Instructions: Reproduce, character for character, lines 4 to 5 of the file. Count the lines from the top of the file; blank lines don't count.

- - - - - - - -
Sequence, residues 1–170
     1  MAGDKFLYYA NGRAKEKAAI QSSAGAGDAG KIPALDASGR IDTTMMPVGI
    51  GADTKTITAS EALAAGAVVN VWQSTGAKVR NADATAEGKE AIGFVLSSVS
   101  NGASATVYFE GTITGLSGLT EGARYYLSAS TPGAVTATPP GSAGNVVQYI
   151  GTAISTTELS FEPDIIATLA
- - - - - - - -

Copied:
   101  NGASATVYFE GTITGLSGLT EGARYYLSAS TPGAVTATPP GSAGNVVQYI
   151  GTAISTTELS FEPDIIATLA